Then there were a few other attempts at being funny: a parody of The Traveling Wilburys’ “Handle With Care,” but about lunch meat. Just to give you an idea of the Pulitzer-level stuff I was putting to music at the time, it contained the phrase, “I’m so tired of eatin’ baloney …” in place of “I’m so tired of being lonely” in the song’s chorus. Then I had a song about bill collectors and a sully “Hawaiian Love Song” that, in retrospect I’m pretty sure I ripped off from an old Spike Jones song. Another tune, about the tendency for people to drive like there’s no one else around never made it past the planning stages.
Perhaps the funniest piece of music I ever wrote contained no lyrics at all. After an extensive course learning how to arrange chord melodies on the guitar, I began constructing some of my own and every time I played a particular section, listeners would crack up. I’m using it for a new piece called “Attack of the Hideous Subatomic Super Mutant.” We’ll let you know how that goes.
I love dry and deadpan humor. And dad jokes. Sometimes people have trouble knowing whether I’m serious or not because unless I’m laughing as I say something, I can come off as quite serious. It’s weird.
The failure of my comedy songwriting turned out to be a good thing. I learned from those experiences, became more interested in other aspects of songwriting and one—completely by accident—I wrote a genuinely funny song about my favorite kind of pizza. And you know something? I’m pretty happy with that. Now if you’ll excuse me, that Allan Holdsworth chord exercises book isn’t going to play itself.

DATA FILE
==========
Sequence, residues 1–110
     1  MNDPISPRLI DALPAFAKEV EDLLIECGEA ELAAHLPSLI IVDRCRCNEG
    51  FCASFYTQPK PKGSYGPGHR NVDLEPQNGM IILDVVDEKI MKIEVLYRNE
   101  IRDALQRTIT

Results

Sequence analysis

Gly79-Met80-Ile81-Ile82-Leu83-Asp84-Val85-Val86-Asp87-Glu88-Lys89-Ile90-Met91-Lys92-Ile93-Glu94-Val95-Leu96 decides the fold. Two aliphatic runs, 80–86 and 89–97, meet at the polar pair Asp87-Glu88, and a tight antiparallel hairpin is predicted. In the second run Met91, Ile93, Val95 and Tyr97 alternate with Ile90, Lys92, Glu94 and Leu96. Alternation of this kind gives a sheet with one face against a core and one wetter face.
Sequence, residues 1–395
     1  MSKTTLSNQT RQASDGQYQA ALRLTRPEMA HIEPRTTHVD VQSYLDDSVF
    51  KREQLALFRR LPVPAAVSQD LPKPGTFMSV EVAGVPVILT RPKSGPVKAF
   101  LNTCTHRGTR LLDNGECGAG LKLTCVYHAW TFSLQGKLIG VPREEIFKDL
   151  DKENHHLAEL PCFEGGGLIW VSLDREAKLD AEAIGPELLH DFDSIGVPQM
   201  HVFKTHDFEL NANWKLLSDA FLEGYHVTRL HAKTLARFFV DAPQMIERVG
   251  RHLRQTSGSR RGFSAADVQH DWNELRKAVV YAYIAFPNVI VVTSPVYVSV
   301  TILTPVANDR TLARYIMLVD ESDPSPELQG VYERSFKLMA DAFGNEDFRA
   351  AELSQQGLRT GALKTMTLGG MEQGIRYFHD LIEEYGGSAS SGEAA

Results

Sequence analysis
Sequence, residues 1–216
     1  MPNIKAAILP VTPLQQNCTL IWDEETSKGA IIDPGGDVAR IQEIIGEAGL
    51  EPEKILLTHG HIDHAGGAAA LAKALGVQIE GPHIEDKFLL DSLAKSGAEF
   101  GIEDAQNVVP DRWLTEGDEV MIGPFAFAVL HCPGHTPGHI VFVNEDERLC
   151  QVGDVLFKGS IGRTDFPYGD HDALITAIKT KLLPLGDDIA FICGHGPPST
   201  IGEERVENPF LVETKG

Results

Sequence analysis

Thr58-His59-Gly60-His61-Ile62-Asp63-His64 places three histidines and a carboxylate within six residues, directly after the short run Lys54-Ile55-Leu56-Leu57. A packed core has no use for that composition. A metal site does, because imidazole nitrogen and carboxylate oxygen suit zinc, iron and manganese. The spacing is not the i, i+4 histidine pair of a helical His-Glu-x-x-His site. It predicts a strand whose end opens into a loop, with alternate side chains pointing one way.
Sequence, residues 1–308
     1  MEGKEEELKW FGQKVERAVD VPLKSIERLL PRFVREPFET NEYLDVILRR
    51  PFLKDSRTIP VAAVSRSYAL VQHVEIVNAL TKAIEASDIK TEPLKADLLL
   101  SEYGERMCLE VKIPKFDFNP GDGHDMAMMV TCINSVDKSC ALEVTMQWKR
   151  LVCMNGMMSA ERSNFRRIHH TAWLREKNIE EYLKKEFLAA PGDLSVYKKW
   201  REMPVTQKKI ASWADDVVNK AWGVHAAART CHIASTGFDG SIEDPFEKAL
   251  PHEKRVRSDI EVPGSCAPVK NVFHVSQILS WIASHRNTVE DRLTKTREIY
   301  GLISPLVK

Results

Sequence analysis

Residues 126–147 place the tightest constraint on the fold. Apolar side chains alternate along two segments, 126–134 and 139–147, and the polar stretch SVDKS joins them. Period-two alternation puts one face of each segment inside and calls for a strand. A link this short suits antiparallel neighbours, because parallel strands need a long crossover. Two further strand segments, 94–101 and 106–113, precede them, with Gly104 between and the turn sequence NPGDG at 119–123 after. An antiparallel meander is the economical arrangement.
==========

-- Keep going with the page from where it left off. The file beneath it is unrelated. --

“Humor is just another defense against the universe.”
— Mel Brooks, with one of his many inspirational quotes from throughout his storied career. Just about any Mel Brooks film is loaded with comedy and his work remains an inspiration that aspires writers, performers, and audiences everywhere.
That time I was invited to write for a major comedy website
Writing comedy isn’t easy. And as it turns out, much of what I thought was funny really isn’t, outside of a small group of peers. Before I transitioned to being a full-time writer, I spent a lot of time freelancing. One day, I responded to a call for writers at a major comedy website … and I got an email back!
The editor invited me to pitch stories and seemed pretty excited about my previous work. So, I pitched about half a dozen stories, all of which were summarily shot down.
The editor eventually left that site, but I owe him a debt of gratitude for steering me in the right direction. He was right about my pitches. They weren’t awful, they just weren’t the type of stories that publication wanted to tell. And I can respect that.